'left'. Now change ISO to 400.. Now see how man pictures are
    left..
     
    Jim Townsend, May 30, 2004
    #4
  5. jean

    jean Guest

    I had never checked that before, indeed changing the ISO setting will change
    the number of pics (from 160 at ISO 100 to 123 at ISO 1600 on a 512Mb card)
    but the sharpening settings will not. I set my 300D to the same settings as
    my daughter's 10D, hers will be ready to take 209 pics on a 512Mb card. I
    guess the hirez preview on the 300D does take up the extra room.

    Thanks to all wo responded with such good info.

    Jean
     
    jean, May 31, 2004
    #5
  6. jean

    jean Guest

    Do you know of a utility which does that? I have only found JHEAD
    (http://www.sentex.net/~mwandel/jhead/) which strips the thumbnails off but
    the saving is barely 10Kb per image.

    Jean
     
    jean, May 31, 2004
    #6
  7. jean

    Jim Davis Guest

    As far as I'm concerned anyone who even thinks about shooting JPG with
    the 300d or 10d has wasted their money on such a camera. RAW is the
    only way to go. You want JPG, get a point and shoot.
     
    Jim Davis, Jun 1, 2004
    #7
  8. I agree RAW is the way to go, but if I want to put a lot of photos on a
    CF card and I'm not too concerned with quality I'll switch over to JPEG.
    The compression is very close to loss-less and any major errors can be
    corrected fairly well in Photoshop. But for anything else, RAW it is.
    Nothing like having total control of the post-processing of the image.
     
    Brian C. Baird, Jun 1, 2004
    #8
  9. jean

    Phil Wheeler Guest

    Should be no surprise. That's what the Canon specs say.
     
    Phil Wheeler, Jun 1, 2004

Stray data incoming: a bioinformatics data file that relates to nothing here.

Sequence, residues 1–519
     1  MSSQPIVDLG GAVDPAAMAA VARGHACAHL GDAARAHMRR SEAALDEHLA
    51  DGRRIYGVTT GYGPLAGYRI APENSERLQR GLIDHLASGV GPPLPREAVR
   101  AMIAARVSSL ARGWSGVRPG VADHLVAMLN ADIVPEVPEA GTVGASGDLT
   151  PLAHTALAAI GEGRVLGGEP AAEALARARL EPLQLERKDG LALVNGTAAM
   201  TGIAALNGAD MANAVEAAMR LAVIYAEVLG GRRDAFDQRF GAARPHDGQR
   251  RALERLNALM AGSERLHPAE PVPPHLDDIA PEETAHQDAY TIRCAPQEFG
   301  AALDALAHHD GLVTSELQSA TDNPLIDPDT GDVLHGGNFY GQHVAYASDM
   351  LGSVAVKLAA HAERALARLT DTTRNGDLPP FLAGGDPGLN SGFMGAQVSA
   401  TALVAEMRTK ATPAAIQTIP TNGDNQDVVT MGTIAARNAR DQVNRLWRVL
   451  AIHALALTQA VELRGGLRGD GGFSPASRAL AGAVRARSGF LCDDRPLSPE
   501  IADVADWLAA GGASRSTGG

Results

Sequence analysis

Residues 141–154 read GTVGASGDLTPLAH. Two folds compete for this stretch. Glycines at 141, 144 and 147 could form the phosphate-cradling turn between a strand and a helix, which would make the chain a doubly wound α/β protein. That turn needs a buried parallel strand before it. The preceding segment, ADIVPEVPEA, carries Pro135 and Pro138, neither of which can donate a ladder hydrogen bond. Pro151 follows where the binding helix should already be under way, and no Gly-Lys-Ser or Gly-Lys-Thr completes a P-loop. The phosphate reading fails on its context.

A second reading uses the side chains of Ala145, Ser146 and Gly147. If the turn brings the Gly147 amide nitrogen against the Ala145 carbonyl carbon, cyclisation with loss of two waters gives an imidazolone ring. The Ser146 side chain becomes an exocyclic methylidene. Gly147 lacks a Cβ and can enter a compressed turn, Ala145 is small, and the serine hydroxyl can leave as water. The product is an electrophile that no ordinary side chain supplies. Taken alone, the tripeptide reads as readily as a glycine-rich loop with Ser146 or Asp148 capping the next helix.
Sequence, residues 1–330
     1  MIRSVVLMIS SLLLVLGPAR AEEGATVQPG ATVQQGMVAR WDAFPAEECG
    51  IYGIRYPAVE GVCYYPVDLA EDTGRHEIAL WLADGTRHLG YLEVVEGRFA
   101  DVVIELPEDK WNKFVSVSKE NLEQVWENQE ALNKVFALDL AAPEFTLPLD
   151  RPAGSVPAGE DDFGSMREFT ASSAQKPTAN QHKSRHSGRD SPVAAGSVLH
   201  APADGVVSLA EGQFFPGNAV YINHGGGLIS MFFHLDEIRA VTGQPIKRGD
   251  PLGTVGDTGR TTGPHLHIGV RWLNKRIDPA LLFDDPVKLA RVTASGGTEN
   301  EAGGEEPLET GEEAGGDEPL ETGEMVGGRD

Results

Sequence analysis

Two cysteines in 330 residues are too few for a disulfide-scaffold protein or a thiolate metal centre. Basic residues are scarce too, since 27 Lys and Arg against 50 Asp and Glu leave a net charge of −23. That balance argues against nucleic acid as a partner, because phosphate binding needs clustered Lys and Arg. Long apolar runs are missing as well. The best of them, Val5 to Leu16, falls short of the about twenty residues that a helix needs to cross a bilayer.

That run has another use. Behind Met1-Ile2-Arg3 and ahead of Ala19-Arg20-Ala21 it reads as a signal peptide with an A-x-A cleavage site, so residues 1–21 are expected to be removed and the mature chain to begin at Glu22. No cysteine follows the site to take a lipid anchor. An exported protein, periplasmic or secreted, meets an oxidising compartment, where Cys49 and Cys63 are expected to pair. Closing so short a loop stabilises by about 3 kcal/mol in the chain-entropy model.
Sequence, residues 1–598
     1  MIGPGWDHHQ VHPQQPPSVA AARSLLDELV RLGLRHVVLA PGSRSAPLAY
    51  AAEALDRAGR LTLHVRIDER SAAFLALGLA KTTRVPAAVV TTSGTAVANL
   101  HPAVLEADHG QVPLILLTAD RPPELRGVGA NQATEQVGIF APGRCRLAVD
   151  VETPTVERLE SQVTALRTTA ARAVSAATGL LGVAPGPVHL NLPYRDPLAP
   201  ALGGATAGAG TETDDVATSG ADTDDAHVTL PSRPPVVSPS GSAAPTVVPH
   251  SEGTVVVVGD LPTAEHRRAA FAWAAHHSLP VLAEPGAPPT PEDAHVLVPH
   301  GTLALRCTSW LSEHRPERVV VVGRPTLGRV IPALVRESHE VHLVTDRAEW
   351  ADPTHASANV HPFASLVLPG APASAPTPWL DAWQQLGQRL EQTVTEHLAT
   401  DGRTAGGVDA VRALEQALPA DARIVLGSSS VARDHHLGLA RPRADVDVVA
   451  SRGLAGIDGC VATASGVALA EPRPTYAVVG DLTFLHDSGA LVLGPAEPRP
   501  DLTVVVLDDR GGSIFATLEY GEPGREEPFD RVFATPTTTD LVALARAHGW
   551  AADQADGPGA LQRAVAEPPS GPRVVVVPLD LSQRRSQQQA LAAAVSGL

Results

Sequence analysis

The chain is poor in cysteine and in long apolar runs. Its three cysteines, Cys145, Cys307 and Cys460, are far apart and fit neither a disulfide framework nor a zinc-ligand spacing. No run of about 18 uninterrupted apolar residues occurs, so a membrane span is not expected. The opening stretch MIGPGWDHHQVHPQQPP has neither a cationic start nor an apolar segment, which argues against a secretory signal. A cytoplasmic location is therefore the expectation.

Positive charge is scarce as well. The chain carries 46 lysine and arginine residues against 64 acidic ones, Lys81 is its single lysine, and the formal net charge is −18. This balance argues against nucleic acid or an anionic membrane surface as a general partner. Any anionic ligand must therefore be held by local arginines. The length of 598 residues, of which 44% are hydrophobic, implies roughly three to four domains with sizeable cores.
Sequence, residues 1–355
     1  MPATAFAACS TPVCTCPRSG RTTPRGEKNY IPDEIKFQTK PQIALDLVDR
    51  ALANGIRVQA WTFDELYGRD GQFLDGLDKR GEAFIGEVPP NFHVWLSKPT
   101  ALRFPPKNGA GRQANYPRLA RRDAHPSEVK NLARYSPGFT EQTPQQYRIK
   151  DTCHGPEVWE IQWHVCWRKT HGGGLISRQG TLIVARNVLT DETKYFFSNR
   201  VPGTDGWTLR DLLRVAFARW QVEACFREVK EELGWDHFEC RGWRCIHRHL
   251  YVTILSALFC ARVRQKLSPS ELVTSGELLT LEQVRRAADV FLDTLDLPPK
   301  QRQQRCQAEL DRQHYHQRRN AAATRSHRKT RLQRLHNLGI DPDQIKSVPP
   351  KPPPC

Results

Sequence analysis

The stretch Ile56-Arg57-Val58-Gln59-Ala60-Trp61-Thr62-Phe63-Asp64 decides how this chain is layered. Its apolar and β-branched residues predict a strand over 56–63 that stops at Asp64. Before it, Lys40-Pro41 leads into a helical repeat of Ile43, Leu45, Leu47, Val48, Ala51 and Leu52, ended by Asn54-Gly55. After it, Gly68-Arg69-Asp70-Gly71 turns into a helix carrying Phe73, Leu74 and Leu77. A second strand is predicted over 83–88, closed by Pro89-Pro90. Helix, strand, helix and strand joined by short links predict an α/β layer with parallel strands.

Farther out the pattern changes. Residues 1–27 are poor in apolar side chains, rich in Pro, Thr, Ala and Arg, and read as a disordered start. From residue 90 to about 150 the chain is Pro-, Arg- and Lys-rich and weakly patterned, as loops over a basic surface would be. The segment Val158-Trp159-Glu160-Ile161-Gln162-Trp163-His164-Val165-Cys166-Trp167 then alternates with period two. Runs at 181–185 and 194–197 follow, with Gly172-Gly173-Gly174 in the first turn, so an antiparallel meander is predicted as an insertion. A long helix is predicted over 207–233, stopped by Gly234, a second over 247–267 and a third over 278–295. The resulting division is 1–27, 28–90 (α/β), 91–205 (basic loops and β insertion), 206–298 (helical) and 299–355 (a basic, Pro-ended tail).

#9
  10. jean

    YoYo Guest

    Jim thanks, I love hearing how people claim to be photographers and have to
    put others down because you have to correct photo errors by using RAW files.

    Hey maybe you will learn how to take a photo correctly in the first place &
    then realize wow jpeg is good enough!
     
    YoYo, Jun 1, 2004
    #10
  11. It's not quite that simple. Digital photography provides some challenges
    that film does not (both film and digital provide challenges, but different
    ones). Are you saying that a "real photographer" (film) never relies on the
    darkroom to enhance the final image?

    Think of the RAW file as exposed film. It still needs to be processed.
    Compare RAW conversion to darkroom work. Does it make the shooter any less
    of a photographer because his film (or RAW file) needs to be processed? Of
    course not. Think of a JPG as a polaroid...you take the shot, and
    everything is done for you, and you have very little control of the final
    product past the point of exposure.
     
    Richard Cockburn, Jun 1, 2004
    #11
  12. jean

    MarkH Guest

    As far as I’m concerned that is an extremely ignorant statement.

    There are many reasons to shoot JPG just as there are many reasons to shoot